Jean Pritchard was recently awarded the British Wildlife Award (sponsored by Jackson’s) for her oil painting of ‘Barn Owl on a wall’ at the Association of Animal Artists Annual Competition. The Association of Animal Artists offers opportunities and support to animal artists who have already attained a level of expertise and experience, whether as amateurs or professionals and who wish to promote and exhibit their artwork and further progress their skills. The annual exhibition is currently on until 13th May at Castle Park Arts Centre in Cheshire. As a member of the AAA, we wanted to find out more about Jean’s practice and her fascination with owls.
Christine: The artwork that won the British Wildlife Category was painted in oils, do you work in other mediums as well?
Jean: My first love is watercolours as I was trained as an illustrator in watercolours. It took me a long time to pick up any oils but my late uncle T. Leslie Hawkes who was a Lake district painter gave me a box of oil paints he had picked up from a second hand shop. I put them in the cupboard for years and it wasn’t until he had died that I first tried them. Then I was hooked. I have tried acrylics but at the moment they are not for me.
Christine: Which medium do you find you are most drawn to?
Jean: At the moment I am doing all my work in oils as I totally enjoy the medium. But I teach watercolours so I am keeping up with those too.
Christine: What do you find most rewarding about teaching?
Jean: The thing I find most rewarding about teaching is when my students get their work framed, as I really know they are pleased with what they have done. If i go to someones house for something and they have hung all their pieces it makes me feel really proud of them. You can tell by someones face if they are pleased with it. My classes are very relaxed and they feel like art clubs. we also all go out for xmas dinner every year which gets all the classes together.
Christine: Do you find that your classes and tuition inspires your own work?
Jean: I find that my classes keep me painting when I don’t have time to get to it. they are great for experimenting and also for discussing life!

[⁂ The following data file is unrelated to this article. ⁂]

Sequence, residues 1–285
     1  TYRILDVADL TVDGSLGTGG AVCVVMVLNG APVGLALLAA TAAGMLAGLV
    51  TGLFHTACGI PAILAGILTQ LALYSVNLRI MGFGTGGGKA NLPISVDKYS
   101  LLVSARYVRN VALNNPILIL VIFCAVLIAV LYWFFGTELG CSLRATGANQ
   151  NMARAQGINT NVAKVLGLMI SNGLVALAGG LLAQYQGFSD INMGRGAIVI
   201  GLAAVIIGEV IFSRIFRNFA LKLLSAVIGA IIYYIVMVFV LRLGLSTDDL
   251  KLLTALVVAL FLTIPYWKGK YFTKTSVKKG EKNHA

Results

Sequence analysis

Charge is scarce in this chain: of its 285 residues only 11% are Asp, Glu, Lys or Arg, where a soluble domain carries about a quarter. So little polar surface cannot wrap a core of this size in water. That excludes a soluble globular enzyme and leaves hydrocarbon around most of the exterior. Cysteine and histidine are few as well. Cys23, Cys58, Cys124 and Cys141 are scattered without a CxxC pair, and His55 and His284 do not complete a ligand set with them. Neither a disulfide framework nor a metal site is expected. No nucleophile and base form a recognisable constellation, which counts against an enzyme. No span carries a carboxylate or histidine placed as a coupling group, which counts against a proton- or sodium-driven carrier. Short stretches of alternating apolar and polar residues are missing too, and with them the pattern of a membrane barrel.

Christine: You paint a lot of owls, what is it about them that means that you keep wanting to paint them?
Jean: There’s nothing like seeing your first barn owl in the wild and that’s what hooked me. I was walking through the fields where I live many years ago and came to a barn when all of a sudden a barn owl flew out. It was like time stood still. It was magnificent and I will never forget it. I have an association with the World Owl Trust especially when they were up at Muncaster Castle and they sell my prints on their website with part of the fee going to the World Owl trust. I have a good friend who works with the trust and he often lets me photograph his barn owl. If I do a workshop on painting barn owls he often comes with his owls and does a talk. I am trying to branch out to other things but now and again i get drawn back to painting a barn Owl….I just can’t keep away.
Christine: Your paintings have a sense of softness and texture to them, is there a certain method you use to achieve this?
Jean: I have developed my own oil style I feel. With being a watercolorist primarily, I feel that my style in oils also has a watercolour feel to it. I’m not so keen on the harshness of some oil styles so that’s why I developed my own. My oils are very thin and built up in thin layers almost like glazes.
Christine: You take on commissions alongside your own practice, do you find commissions harder or easier to accomplish?
Jean: I tend to do a lot of commissions of dogs which I enjoy but I am slowly building up a reputation for doing them in oils and doing them my way with compositions a little bit different for where I am based. I love it when the client says ‘I will leave it to you. you know what you are doing’ otherwise it’s hard doing a painting that you know would look much better in another way.
Christine: What advice do you have to anyone thinking about entering into a competition or joining a society for the first time?
Jean: Art societies are brilliant and a great source if you are just starting out. With being based where I am we are really ‘out’ of it a bit so its a way of keeping up with everything. I’ve only entered a couple of competitions as I never thought I was good enough. I was a finalist in 2015 in the David Shepherd Wildlife Artist of the Year and had a piece of work at the Mall Galleries which was fabulous. Seeing all the other artists who I have admired for so long was absolutely brilliant. The British Wildlife Award sponsored by Jacksons at the Association of Animal Artists exhibition has been a real wow factor too as I have received a lot of positive feedback which is great for an artist. Personally I would say enter all the competitions….as you never know!
Christine: What are you working on at the moment?
Jean: At the moment I am working on a Snow Leopard , and….I have to say it…..a Barn Owl! I have also got a couple of Japanese Shiba Inu’s in production, as well as all my classes.
Christine: Where can we see more of your work online and in the flesh?
Jean: I exhibit with the Barrow Society of Artists, the Association of Animal Artists and what was the National Exhibition of Wildlife Art. I also have work on display at Home Images in Barrow in Furness. You can also view my work via my Facebook page and my website
The image at the top is the winning image for the British Wildlife Category Award at the Association of Animal Artists Annual Exhibition – ‘Barn on a Wall’, Oil Painting by Jean Pritchard.